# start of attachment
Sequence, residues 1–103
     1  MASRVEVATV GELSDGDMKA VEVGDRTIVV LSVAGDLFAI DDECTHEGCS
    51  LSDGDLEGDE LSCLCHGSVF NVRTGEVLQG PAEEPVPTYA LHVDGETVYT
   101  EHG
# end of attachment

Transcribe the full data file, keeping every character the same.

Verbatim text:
Sequence, residues 1–103
     1  MASRVEVATV GELSDGDMKA VEVGDRTIVV LSVAGDLFAI DDECTHEGCS
    51  LSDGDLEGDE LSCLCHGSVF NVRTGEVLQG PAEEPVPTYA LHVDGETVYT
   101  EHG